I think I’m woke.
Actually, I’m pretty sure I’m woke.
I’ve got a fine barometer for social injustice, I try to be sensitive to social issues as they emerge and morph, and I believe in social justice and equality and diversity – which are often used as indicators when woke is used in a pejorative sense.
To be quite honest – I’m proud to be woke, and I wear my wokefulness like a badge of courage, particularly now when there is a coordinated attack on so many of the things I have believed in for decades and still believe in, including social justice and equality and diversity.
I’m also pretty sure that I work in a woke charity.
METRO Charity, the charity I have led for the past 7 years and worked at for the last 17 years, acknowledges and celebrates the power of difference.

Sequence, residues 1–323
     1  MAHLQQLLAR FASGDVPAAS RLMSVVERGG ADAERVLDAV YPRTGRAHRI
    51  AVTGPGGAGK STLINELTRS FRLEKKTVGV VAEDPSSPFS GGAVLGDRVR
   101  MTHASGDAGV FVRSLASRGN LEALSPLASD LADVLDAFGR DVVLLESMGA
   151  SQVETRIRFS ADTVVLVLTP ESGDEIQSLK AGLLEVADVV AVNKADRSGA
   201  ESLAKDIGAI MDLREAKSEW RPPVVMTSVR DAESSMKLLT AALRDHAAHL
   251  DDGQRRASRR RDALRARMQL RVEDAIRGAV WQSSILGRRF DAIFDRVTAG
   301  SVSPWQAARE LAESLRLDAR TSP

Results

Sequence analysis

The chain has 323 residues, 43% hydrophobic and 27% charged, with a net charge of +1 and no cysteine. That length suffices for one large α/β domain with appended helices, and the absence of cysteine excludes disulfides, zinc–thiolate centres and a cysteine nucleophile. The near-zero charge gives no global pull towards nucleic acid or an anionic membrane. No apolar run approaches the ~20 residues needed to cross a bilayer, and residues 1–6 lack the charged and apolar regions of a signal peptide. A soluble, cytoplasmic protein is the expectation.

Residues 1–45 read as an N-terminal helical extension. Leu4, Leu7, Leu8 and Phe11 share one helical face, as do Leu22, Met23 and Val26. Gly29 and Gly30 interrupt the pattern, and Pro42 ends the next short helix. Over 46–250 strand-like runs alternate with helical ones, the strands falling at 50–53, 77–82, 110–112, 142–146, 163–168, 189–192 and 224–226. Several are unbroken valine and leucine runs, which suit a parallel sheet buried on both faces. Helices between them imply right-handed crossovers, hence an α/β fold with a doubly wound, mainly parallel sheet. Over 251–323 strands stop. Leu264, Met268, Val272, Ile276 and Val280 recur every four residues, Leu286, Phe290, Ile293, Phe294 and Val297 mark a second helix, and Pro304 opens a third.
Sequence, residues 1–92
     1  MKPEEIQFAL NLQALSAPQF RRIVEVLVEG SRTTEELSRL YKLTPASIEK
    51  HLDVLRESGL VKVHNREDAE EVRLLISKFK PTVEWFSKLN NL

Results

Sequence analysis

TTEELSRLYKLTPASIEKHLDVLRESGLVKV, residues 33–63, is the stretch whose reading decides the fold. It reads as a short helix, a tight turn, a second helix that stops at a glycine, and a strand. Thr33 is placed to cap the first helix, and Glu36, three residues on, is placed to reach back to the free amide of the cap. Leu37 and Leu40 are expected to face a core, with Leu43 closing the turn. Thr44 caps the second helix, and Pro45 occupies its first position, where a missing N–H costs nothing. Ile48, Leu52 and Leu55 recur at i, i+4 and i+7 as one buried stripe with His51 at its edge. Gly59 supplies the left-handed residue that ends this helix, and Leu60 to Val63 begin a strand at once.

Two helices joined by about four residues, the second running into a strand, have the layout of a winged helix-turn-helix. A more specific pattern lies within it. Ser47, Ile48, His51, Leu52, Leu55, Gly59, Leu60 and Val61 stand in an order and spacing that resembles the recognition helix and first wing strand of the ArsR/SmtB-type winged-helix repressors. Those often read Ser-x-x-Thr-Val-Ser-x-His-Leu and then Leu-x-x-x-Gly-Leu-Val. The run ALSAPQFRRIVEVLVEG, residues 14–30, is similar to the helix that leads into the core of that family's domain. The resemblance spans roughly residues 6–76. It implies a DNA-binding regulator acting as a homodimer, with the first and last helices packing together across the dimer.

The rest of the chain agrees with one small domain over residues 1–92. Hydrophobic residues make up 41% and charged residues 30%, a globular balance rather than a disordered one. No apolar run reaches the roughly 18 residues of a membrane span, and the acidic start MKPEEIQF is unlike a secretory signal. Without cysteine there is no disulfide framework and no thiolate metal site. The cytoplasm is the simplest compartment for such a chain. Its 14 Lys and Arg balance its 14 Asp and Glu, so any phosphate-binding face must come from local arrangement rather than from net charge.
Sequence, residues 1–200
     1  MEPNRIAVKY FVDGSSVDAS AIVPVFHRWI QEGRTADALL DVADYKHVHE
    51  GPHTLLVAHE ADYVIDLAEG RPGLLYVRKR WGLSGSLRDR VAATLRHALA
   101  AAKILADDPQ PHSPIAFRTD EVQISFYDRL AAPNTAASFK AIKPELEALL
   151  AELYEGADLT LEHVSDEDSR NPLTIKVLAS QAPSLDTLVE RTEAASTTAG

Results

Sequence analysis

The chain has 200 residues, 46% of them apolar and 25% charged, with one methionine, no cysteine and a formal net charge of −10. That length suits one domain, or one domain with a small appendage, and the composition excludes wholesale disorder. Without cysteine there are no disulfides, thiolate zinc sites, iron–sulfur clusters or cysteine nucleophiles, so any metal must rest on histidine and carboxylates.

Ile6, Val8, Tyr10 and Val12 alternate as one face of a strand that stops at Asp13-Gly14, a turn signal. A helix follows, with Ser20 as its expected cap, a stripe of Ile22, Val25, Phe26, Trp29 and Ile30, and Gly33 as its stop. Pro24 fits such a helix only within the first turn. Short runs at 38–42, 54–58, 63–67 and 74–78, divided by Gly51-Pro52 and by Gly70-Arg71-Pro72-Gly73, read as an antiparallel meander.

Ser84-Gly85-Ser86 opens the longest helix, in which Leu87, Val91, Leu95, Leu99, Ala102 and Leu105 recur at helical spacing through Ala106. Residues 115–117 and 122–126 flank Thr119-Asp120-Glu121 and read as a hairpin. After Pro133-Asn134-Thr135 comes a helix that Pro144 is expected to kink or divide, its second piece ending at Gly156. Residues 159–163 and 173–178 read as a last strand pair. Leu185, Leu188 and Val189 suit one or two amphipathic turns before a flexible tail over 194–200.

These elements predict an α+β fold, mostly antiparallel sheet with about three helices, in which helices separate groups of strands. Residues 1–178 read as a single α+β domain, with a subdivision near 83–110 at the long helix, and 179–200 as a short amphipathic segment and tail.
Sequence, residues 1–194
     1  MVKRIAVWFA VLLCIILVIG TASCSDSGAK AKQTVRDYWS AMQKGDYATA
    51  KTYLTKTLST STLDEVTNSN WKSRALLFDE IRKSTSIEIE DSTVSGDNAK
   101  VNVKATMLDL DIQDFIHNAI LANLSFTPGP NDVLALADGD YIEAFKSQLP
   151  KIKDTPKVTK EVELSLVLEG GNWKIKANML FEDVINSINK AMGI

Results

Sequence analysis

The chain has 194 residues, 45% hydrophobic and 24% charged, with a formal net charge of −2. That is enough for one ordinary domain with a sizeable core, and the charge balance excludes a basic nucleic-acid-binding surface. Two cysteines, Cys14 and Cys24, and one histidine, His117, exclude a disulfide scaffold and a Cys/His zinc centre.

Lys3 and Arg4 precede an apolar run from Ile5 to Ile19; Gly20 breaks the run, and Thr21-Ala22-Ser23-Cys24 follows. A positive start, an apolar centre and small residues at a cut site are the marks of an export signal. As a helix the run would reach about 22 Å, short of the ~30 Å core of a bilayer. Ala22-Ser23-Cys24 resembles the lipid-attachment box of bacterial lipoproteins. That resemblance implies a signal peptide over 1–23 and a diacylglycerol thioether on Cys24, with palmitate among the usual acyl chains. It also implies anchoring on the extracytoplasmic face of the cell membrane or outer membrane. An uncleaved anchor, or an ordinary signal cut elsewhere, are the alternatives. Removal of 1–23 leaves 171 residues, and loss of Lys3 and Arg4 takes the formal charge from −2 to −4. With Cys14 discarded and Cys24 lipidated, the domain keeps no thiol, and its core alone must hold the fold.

We celebrate our black and minority ethnic staff and volunteers and service users.
We embrace our trans staff and volunteers and service users.
We support and advocate for and stand with people experiencing mental health issues, with disabled people, with people living with HIV, with young people and with all people along the sexual orientation and gender identity spectrum.
We want to create spaces for people to be their unique selves, to enable access that is truly inclusive, and as we celebrate difference, to allow people to differentiate themselves – to find their voice and to use it. As a charity, we don’t cancel, we enable.
For me, as the CEO of METRO Charity, being woke is being aware – and being aware is being open to and sensitive to change, and to other people’s experiences of the world, and that includes their experiences of oppression and inequality and injustice.
As a charity, our staff and our volunteers and our service users know that deep structural and systemic racism, and homophobia, biphobia and transphobia, and ageism and ableism and misogyny exist – and that accompanying stigmas and discrimination are real – and we remain absolutely committed, in our wokefulness, to addressing them.